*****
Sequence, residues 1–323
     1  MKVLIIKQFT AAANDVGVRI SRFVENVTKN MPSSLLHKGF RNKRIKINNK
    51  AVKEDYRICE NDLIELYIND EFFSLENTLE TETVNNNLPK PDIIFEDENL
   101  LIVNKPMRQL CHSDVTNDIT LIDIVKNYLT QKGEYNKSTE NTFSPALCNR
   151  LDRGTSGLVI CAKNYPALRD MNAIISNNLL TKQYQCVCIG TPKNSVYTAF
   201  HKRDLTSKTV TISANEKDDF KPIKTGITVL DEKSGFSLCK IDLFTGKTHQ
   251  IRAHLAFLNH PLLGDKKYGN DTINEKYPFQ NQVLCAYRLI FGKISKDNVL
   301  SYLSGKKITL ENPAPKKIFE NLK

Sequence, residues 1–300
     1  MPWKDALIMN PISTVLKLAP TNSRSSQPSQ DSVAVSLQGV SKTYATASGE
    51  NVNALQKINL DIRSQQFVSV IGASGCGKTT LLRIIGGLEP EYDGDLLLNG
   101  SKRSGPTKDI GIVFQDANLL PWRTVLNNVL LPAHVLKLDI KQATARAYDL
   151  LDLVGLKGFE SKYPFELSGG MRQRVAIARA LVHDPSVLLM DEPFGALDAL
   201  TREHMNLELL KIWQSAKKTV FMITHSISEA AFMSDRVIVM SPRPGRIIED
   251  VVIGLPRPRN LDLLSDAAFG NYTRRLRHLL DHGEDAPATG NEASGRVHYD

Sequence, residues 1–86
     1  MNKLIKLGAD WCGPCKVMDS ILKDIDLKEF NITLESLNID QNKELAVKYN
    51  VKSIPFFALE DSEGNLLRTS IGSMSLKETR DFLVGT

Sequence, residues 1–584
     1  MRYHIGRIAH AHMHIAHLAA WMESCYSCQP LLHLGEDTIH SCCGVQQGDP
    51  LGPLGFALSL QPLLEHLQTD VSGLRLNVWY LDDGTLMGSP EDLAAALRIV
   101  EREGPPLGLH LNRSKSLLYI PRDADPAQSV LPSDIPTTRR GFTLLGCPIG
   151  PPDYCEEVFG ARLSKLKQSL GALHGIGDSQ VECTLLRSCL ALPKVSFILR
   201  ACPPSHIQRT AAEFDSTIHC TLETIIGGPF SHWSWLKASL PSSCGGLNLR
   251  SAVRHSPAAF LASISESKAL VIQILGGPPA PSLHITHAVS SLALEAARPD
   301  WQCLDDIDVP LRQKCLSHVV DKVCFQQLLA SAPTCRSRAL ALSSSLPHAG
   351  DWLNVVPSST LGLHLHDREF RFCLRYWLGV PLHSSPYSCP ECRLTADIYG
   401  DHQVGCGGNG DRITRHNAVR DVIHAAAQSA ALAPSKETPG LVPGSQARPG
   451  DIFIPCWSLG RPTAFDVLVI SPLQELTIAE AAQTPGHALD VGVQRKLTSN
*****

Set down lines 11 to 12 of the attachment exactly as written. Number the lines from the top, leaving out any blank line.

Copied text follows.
    51  NVNALQKINL DIRSQQFVSV IGASGCGKTT LLRIIGGLEP EYDGDLLLNG
   101  SKRSGPTKDI GIVFQDANLL PWRTVLNNVL LPAHVLKLDI KQATARAYDL